Megacities are our future. It's simple math: When you've got one Earth and an unending boom in population growth, the gravitational pull of the world's economic and population centers will continue to drag rural dwellers in—if the Sprawl doesn't absorb them by default.
A United Nations report from July lays the issue bare: This year, some 54 percent of the world lived in urban centers, a number projected to grow to 66 percent by 2050. That growth "could add another 2.5 billion people to urban populations by 2050, with close to 90 percent of the increase concentrated in Asia and Africa."
The same report also notes that in 1990, there were ten megacities of 10 million people or more on Earth; now there are 28, 16 of which are located in Asia. Keeping a city of that size running is challenge enough, but what happens when they morph into sprawling regions with populations ten times larger?
The video above gives us a glimpse, even if it's based on an 11-year-old video game (but a pretty realistic one at that). Peter Richie spent eight months planning and building a megacity in vanilla SimCity 4, and the end result is mind-boggling (especially as a former mayor myself): 107.7 million people living in one massive, sprawling region. I'll let Richie's stats speak for themselves:
81 large city tiles to make one Mega-Region
26,542 km of paved road (16,492 miles)
8,626 km of subway lines (5,360 miles)
324 Hydrogen power plants (6,000,000 megawatts of energy)
486 Waste to Energy Plants
512 Large Water Pumps
Over 2,000 elementary and high schools
81 Universities, 162 Colleges
Richie told me that he initially came up with the goal for a 100 million person region "using no mods and no cheats" back in December, and spent a couple months planning things out before beginning construction in March.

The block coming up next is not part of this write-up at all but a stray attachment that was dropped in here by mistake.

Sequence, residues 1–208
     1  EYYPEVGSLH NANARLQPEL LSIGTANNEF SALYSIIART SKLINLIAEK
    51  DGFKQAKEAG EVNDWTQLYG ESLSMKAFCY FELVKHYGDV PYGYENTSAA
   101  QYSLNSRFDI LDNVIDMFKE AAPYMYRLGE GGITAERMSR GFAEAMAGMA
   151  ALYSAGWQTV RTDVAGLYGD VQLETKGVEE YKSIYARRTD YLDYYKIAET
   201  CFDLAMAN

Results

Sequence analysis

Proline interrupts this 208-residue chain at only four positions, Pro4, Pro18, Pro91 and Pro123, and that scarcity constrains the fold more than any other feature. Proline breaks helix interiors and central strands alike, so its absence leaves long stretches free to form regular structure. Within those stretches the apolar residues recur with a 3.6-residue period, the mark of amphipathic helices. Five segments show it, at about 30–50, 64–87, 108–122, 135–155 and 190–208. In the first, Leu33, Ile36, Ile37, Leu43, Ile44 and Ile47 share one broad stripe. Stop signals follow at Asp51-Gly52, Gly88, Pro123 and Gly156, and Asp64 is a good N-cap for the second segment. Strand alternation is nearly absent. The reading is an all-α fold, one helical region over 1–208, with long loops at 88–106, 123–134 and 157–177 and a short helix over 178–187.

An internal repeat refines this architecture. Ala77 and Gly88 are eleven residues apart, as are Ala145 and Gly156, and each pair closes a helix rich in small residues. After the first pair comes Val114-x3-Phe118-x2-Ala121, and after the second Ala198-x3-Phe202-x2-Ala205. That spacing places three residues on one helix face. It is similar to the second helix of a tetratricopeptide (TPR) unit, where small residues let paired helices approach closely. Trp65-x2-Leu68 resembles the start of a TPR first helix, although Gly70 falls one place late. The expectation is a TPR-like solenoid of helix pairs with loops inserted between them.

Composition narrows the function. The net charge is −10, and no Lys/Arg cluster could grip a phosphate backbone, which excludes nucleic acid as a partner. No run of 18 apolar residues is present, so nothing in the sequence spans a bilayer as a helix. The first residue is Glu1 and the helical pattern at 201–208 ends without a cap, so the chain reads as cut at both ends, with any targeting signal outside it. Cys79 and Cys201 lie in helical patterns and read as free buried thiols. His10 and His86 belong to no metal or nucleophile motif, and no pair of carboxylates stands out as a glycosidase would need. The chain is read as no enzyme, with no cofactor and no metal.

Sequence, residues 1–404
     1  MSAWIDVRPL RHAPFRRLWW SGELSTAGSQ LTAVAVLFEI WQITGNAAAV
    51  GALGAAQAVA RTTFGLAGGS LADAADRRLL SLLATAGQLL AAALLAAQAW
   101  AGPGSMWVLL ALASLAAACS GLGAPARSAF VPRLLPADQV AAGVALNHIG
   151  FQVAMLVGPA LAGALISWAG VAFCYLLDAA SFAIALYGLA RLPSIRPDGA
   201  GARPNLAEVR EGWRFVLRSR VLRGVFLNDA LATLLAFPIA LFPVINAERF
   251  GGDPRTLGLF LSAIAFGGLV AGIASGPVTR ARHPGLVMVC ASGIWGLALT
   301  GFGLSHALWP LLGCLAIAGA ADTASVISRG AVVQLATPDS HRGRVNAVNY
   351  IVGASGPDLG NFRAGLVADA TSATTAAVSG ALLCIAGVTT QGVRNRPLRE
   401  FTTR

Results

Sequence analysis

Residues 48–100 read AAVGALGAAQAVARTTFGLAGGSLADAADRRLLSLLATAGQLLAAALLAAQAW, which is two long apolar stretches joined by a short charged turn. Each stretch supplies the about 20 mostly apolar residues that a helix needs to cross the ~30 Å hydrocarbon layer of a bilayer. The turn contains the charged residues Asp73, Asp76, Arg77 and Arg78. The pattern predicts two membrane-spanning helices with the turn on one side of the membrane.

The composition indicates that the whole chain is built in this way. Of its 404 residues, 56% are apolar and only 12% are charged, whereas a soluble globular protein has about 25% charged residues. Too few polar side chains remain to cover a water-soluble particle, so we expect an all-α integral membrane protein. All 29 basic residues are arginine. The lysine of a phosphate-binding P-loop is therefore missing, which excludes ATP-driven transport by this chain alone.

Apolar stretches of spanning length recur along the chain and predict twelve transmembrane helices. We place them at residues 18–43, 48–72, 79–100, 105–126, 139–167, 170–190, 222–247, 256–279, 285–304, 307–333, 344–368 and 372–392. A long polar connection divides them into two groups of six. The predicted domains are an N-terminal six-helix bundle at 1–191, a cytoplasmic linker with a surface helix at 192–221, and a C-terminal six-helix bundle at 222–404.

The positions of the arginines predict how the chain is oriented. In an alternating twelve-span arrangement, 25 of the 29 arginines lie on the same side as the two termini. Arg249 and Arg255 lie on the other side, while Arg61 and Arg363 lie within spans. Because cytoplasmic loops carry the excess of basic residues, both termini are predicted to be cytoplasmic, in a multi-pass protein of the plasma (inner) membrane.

The advantage of building a virtual city is the ability to start from scratch. Even so, life isn't easy.
"Traffic is a nightmare, both above ground and under," Richie said. "The massive amount of subway lines and subway stations are still congested during all times of the day in all neighborhoods of each and every mega-city in the region. The roadways are clogged at all times, but people still persist in trying to use them."
"Pollution is managed," he added. "Heavy polluting structures are clumped between groups of four mega-cities, as are airports, and energy infrastructure. This reduces the impact of the worst pollution to the residents."
Now imagine trying to keep up with the booming growth of real cities, whose mayors have far less dictatorial powers—and no pause button. Even if robot farmers end up feeding us all, the type of growth we can expect in the future presents staggering infrastructure demands.
Visit any megacity on Earth—Shanghai, São Paulo, Mumbai, New York City—and the problem is laid bare: Massive, growing populations put constant pressure on energy, sanitation, and transportation infrastructure. And when things go wrong, they go very wrong.
Planning for more people, along with environmental concerns like rising seas and extreme weather, is certainly possible, but enacting large-scale investments is another challenge. As one urban planning researcher put it to me early this year, even when problems are acknowledged and solutions found, "The big question in all of these things is who's going to pay for it?"
And all the while, more people will keep swelling urban ranks. The UN projects that Tokyo, currently the world's largest city with around 38 million people, will decline slightly by 2030, but continuing the boom will be cities in India and China.
Delhi's population, which is now at 25 million, is expected to grow by another 11 million in the next 16 years—a major concern when basic infrastructure is already a fundamental issue for many in the city, as well as residents of cities like it.
"Density is the major issue, as there is nearly no space for further development, the mega-cities built upwards instead of outwards," Richie said of his own virtual megalopolis. "While open spaces are often found around each of the tens of thousands of of subway stations there is still a desire for open green space."
Despite that, Richie, who said he's been playing SimCity 4 for a decade, said he's got a positive outlook on the cities of the future.
"Actually, I am very optimistic about our future cities," he said. "I think we are on the verge of building very large, but very sustainable cities, likely where the pollution of today will be nearly non-existent."
When cities are putting up odor domes to control air pollution, it's tough to have much faith. At the same time, we've seen time and again that efforts to improve our urban environments can have rapid effects. And if the world's slow march towards sustainability can continue to pick up steam, there's hope that we won't all end up living in a Kowloon Walled City reboot. Then again, hope might be the last thing we need.